[Python-Dev] Early PEP draft (For Python 3000?)

Josiah Carlson jcarlson at uci.edu
Wed Oct 19 20:58:06 CEST 2005

Calvin Spealman <ironfroggy at gmail.com> wrote:
> On 10/16/05, Josiah Carlson <jcarlson at uci.edu> wrote:
> > What I'm saying is that whether or not you can modify the contents of
> > stack frames via tricks, you shouldn't.  Why?  Because as I said, if the
> > writer wanted you to be hacking around with a namespace, they should
> > have passed you a shared namespace.
> >
> > From what I understand, there are very few (good) reasons why a user
> > should muck with stack frames, among them because it is quite convenient
> > to write custom traceback printers (like web CGI, etc.), and if one is
> > tricky, limit the callers of a function/method to those "allowable".
> > There may be other good reasons, but until you offer a use-case that is
> > compelling for reasons why it should be easier to access and/or modify
> > the contents of stack frames, I'm going to remain at -1000.
> I think I was wording this badly. I meant to suggest this as a way to
> define nested functions (or classes?) and probably access names from
> various levels of scope. In this way, a nested function would be able
> to say "bind the name 'a' in the namespace in which I am defined to
> this object", thus offering more fine grained approached than the
> current global keyword. I know there has been talk of this issue
> before, but I don't know if it works with or against anything said for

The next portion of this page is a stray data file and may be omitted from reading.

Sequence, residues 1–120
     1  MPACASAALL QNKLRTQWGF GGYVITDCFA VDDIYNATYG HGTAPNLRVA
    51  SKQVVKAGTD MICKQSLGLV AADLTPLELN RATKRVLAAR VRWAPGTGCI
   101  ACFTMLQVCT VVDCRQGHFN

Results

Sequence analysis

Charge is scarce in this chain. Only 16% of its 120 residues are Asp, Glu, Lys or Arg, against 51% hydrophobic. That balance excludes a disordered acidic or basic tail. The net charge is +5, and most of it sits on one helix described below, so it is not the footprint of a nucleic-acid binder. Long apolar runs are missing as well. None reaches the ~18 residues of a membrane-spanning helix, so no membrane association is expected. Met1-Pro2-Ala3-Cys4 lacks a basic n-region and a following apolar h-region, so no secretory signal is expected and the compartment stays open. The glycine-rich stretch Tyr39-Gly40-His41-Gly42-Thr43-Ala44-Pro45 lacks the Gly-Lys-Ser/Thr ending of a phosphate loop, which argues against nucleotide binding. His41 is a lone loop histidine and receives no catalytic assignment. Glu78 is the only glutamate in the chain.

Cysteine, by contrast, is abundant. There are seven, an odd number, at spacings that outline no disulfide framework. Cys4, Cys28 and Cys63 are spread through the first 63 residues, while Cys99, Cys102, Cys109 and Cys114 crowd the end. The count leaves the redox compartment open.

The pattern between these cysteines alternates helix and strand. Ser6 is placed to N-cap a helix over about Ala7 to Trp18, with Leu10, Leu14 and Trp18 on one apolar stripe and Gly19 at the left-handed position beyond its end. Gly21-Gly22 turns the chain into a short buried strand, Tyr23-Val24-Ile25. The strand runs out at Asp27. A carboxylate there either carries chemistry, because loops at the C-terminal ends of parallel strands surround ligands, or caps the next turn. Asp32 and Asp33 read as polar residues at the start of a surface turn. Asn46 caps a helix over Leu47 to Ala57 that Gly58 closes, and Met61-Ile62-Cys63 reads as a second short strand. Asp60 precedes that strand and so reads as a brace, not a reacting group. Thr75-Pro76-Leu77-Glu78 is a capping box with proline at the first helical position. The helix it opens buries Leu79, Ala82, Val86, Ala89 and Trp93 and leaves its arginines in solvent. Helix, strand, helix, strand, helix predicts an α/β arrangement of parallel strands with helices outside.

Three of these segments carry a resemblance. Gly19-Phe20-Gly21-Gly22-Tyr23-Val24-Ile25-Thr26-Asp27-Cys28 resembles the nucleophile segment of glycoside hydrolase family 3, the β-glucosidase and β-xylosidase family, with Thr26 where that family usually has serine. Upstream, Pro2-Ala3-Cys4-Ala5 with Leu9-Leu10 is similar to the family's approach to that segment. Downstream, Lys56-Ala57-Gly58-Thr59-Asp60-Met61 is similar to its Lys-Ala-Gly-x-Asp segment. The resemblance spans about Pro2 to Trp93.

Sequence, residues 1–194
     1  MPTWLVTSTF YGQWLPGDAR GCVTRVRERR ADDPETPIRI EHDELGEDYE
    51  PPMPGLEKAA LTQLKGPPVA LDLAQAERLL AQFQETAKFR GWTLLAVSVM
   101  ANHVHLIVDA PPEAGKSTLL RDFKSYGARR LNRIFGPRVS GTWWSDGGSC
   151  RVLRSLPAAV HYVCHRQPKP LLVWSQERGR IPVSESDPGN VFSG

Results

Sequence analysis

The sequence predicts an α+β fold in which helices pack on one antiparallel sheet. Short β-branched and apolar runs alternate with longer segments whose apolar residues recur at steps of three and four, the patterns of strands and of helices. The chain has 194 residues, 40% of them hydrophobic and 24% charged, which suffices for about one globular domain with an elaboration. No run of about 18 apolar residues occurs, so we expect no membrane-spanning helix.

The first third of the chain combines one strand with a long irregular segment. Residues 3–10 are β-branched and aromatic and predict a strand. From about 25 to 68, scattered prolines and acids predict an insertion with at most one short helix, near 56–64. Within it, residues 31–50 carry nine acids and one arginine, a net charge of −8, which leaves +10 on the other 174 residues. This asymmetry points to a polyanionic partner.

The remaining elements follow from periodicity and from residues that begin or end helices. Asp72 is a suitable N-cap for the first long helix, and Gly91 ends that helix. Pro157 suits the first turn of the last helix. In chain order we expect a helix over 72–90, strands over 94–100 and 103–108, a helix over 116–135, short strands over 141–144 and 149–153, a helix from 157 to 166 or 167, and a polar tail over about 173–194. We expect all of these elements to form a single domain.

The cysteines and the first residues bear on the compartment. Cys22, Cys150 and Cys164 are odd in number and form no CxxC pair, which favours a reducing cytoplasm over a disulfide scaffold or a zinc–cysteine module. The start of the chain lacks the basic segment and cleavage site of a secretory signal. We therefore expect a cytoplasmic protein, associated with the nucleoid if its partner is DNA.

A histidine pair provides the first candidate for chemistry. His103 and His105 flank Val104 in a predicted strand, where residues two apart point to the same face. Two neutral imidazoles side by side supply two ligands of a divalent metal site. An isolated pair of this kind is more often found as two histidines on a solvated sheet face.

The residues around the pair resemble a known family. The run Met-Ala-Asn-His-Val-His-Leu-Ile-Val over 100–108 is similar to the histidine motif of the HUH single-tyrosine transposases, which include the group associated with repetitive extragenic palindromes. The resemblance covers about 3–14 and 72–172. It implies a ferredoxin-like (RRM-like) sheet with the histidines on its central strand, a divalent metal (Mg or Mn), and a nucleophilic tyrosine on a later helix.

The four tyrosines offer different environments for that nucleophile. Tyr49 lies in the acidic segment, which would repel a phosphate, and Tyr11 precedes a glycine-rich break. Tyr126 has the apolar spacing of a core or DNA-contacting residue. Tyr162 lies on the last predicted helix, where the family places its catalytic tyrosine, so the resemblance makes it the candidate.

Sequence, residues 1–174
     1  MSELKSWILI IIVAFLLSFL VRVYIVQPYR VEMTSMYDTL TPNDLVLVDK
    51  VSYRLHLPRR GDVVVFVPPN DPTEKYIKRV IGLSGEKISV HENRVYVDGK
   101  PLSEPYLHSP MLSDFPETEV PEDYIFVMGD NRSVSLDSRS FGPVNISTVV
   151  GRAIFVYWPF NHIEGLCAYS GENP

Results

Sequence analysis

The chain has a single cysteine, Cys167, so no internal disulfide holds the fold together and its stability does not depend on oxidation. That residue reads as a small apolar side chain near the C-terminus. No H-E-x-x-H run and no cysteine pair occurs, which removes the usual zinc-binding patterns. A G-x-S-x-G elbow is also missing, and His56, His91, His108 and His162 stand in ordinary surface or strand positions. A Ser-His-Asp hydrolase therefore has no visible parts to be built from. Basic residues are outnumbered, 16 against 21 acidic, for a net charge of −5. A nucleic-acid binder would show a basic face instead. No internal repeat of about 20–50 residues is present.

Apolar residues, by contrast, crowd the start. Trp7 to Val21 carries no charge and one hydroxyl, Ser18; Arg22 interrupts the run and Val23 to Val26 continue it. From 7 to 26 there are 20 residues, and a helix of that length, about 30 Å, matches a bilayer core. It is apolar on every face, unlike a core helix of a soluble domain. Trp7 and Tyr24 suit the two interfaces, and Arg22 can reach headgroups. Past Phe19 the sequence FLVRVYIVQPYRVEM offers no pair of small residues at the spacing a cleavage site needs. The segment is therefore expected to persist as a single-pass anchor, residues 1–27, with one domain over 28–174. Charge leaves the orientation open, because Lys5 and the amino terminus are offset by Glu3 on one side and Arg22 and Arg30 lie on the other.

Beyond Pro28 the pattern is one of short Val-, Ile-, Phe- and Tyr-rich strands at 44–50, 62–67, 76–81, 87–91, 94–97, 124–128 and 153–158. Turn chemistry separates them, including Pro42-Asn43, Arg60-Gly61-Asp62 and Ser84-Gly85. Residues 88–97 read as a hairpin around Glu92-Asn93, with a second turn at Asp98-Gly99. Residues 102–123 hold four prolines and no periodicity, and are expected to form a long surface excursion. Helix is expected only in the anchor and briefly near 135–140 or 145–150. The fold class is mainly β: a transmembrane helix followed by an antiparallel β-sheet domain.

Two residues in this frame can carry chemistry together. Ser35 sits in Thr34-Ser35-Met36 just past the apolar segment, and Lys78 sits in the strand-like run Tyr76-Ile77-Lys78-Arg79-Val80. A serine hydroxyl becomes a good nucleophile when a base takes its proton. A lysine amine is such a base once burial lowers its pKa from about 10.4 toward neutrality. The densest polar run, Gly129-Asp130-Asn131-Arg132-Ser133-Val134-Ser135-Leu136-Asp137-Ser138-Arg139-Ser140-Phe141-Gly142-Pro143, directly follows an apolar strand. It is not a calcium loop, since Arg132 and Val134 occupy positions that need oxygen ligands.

> this previously.

And as I have said, if you want people to modify a namespace, you should
be creating a namespace and passing it around.  If you want people to
have access to some embedded definition, then you expose it.  If some
writer of some module/class/whatever decides that they want to embed
some thing that you think should have been exposed to the outside world,
then complain the the writer that they have designed it poorly.

Take a walk though the standard library.  You will likely note the
rarity of embedded function/class definitions.  In those cases where
they are used, it is generally for a good reason.

You will also note the general rarity of stack frame access.  Prior to
the cycle-removing garbage collector, this was because accessing stack
frames could result in memory leaks of stack frames.  You may also note
the rarity of modification of stack frame contents (I'm not sure there
are any), which can be quite dangerous.  Right now it is difficult to go
and access the value of a local 'x' three callers above you in the stack
frame.  I think this is great, working as intended in fact.  Being able
to read and/or modify arbitrary stack frame contents, and/or being able
to pass those stack frames around: foo(frame[3]), is quite dangerous.

I'm still -1000.

 - Josiah

More information about the Python-Dev mailing list